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Discussion Starter · #1 ·
Recently upgraded from a trim router to a full size one, the Hitachi/Metabo KM12VC which has been really nice to work with. I was recently "jointing" the edges of some 1.5" thick butcherblock countertops by running the router along a straight edge. I had a few questions:
1. I did a couple of passes so as not to remove the entire depth all at once. I've read about making multiple passes rather than taking all the material at once. Does this apply to depth as well as how wide of a path you are removing? I figured the more bit making contact, the more power needed. Also didn't know if there were any ways of determining how much to take off based on HP, bit size, etc.
2. When I did the second pass (basically taking off the bottom half of the thickness) it left a little ridge, and the lower portion was proud of the first pass/top portion. Is this common? I made sure to push all the way against the straightedge, but I couldn't make a difference. It was very consistent and a very neat line, also a very small difference in material, but I couldn't figure out what had changed.
3. For one of the passes, I had a certain side of the router towards me (happened to be the one with the logo). Got everything flush. Then I needed to clean one area up, but happened to turn the router around, so the locking mechanism was facing me. This time, it took off more material! I tried a couple different ways, and it kept seeming to happen, and I could definitely tell it was happening by the sound. I'm guessing the bit sits closer to one side than the other. Is this typical? Didn't see any way to adjust this, so thought I would just need to be consistent, since I hadn't really thought of it as having "sides" before.

Thanks for the help and all the inspiration around here!
 

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Confused a little Bcemail, Jointing countertops? are they already installed?

But moving on you need to make sure your bit is centered. If it is then I would suspect the straight edge is moving.
 

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Discussion Starter · #3 ·
Confused a little Bcemail, Jointing countertops? are they already installed?

But moving on you need to make sure your bit is centered. If it is then I would suspect the straight edge is moving.
Sorry, I see how that's confusing. I'm using two sections to make an island top, and the edges weren't true. I don't have a plane to use so went with the router.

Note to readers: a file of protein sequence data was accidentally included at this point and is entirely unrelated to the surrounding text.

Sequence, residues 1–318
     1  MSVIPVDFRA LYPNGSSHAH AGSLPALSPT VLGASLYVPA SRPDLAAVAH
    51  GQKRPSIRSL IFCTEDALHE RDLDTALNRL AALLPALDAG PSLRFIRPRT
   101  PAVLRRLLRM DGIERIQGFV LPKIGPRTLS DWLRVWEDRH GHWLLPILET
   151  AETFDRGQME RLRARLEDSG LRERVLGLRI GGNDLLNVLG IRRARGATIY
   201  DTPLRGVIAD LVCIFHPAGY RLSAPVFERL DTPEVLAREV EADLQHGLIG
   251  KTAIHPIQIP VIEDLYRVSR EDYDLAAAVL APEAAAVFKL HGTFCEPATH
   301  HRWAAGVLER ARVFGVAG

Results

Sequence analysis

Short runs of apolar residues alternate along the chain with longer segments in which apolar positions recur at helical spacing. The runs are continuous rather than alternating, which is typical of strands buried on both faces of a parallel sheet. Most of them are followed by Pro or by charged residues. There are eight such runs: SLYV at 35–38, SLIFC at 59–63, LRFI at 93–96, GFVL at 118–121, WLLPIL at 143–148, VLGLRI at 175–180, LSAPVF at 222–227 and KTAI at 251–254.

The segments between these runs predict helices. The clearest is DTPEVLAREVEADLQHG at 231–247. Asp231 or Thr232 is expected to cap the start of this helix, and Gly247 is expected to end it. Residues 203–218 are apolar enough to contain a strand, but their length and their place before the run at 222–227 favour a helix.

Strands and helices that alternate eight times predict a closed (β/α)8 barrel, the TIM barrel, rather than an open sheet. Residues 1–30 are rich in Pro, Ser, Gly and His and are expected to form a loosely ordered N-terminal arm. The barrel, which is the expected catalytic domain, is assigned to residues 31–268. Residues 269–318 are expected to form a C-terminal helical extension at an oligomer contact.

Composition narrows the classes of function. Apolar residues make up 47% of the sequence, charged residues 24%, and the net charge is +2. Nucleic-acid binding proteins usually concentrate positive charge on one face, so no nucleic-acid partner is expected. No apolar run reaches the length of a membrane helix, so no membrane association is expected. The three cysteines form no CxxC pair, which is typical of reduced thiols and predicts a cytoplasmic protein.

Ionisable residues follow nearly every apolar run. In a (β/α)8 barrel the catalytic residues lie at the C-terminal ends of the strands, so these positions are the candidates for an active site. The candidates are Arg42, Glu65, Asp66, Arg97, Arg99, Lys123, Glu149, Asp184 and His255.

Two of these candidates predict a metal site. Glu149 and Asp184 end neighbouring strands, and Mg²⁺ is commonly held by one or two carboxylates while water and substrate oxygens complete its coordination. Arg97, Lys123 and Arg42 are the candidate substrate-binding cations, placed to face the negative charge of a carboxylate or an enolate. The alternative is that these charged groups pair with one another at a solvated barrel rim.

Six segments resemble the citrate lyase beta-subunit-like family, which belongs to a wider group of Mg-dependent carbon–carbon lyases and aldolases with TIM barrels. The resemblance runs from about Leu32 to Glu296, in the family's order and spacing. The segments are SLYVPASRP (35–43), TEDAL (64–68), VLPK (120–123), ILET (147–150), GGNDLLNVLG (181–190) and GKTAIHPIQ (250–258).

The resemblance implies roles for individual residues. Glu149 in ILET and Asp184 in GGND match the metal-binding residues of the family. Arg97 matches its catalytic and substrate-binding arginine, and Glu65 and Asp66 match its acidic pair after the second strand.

For centering, is the problem usually the bit not centered in the collet? Didn't know that could be a problem since it just seems to center itself as I tighten down. Or can the collet or other part be not centered on the router?
Thanks!
 

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Paul
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The baseplate might be out. A 'centering cone' can help adjust it OR use the same side against the guide. Another way would be to make a final 'skim' the full height (just enough to take out the marks left behind). A centering cone is also very handy for guide bushing use.
 

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Discussion Starter · #5 ·
The baseplate might be out. A 'centering cone' can help adjust it OR use the same side against the guide. Another way would be to make a final 'skim' the full height (just enough to take out the marks left behind). A centering cone is also very handy for guide bushing use.
Thanks! I ended up doing one final pass moving my straightedge as little as possible. Was just worried I might move it out of line or something but seemed to work.
I'll check out the centering cone. Something came with the router that looks like it's for centering but I thought it was for the guide bushings. Looks more like a pointy bit
 

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Discussion Starter · #7 ·

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Pix is of a conventional centering cone.
396163

You can use a split fence to joint the edge of a crooked piece. You add a spacer behind the outfeed side of the fence, then run the piece through. It will take off the amount of the thickness of the offset of the fence. For a crooked piece you put the concave curve toward the bit. After a few passes, the edge will become straight, at which point you can put the flat side against your table saw fence and cut off the convex part.
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For other wood defects, or reducing thickness, as with the slab shown, you can use your router to flatten the surface by making a jig and placing two side rails beside your work piece and place your jig across the side rails. You can use small wedges to stabilize the piece and then with a large, flat bit, run the router back and forth until you have a nice, flat side.

396166
 

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